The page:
It was a good paddle time on Sunday. I've been going flat out ever since, and had no time to post about it!
We went out kayaking in good ol' Cadboro Bay, same as a lot of times. But the different thing this time was being joined by Robyn and Mark from Gecko Paddler. Nice to have a larger group on the water, especially when we were hoping to cross Baynes Channel to visit the Chathams.
First off, when we launched we could see Mount Rainier dimly in the morning light. That was one volcano, showing up silhouetted against the sky at one end of the Olympic Mountains. It's not part of the Olympics, it's miles away south at the end of Puget Sound, but that cone does stick up a good ways.
We had a terrific show from an otter on the shore. He could see us drifting past in our boats, but decided not to worry about us. John and Mark drifted closer with their cameras, and got some marvelous photos. First the otter posed and primped, with his lovely tail draped over the log. Then he rolled on his back and scratched his shoulders against the rough log. Adorable little paws waved.
Once we were out past Flower Island, we could see Mount Baker bright with all its snow. That was the second volcano. And even some of the Cascade range was showing past the San Juan Islands.
The cold morning wasn't bothering us. Robyn and Louise were well-bundled up. With John's toque on under her hat, Louise kept the chill off nicely. But the breeze was stronger than expected for mid-morning. About two hours earlier than forecast, the breeze was picking up strength. We got part of the way across to Jemmy Jones Island before deciding not to do the crossing to Chatham.
Instead, we noodled along the shoreline to Cadboro Point. It was coming up on the end of the flood, so the freight train was slowing. There were no standing waves around the navigation light. We noodled around the rocks for a while, enjoying how the north breeze pushed in between the rocks and raised a few waves against the last of the flood current (less than 1 knot, so it was easy to cross.)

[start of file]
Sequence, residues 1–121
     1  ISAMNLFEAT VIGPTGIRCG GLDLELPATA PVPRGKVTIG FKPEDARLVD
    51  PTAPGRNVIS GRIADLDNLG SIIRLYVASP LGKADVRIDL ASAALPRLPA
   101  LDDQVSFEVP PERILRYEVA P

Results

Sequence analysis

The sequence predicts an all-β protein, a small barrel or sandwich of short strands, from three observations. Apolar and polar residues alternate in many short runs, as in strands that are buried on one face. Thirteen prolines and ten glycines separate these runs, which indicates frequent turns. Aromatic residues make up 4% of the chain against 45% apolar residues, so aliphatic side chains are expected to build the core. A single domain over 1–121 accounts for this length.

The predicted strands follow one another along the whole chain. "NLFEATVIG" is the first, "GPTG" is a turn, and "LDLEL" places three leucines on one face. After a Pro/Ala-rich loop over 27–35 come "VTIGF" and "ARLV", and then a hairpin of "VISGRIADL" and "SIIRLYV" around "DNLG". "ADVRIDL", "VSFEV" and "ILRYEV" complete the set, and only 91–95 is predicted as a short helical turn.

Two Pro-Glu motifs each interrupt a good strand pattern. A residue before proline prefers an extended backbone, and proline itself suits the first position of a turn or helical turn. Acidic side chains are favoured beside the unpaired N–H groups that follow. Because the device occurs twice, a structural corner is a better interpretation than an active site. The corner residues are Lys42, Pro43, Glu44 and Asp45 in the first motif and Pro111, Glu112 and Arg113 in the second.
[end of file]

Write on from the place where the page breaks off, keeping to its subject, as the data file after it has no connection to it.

And there we could see just a bit of the Coast Mountain Range. So it was officially a two volcano day, and a three mountain range day. Not bad for a quiet paddle in home waters!
On the way back, I had to scoot ahead. The afternoon was booked for me, volunteering at the Elk/Beaver Lake Nature Centre. No time to write a post about the clear, cold air on this morning, or describe the Harlequin ducks Louise pointed out. Bright ducks, and chatty oystercatchers -- what good company we had on the water.
All week, I've been working on an assignment for a class in writing Literary Web Sites. Discovered each day that I was saving my work wrong. Each day, saved it a new way and was still wrong. Got help from the professor and still found new ways to save my work wrong. Finally a classmate showed me how to open and close the files properly in Dreamweaver. (give me simple blogspot wysiwyg anyday!) And now, I'm off to finish my assignment with all sorts of hot links and optimised images. It's not kayaking, but it's still fun.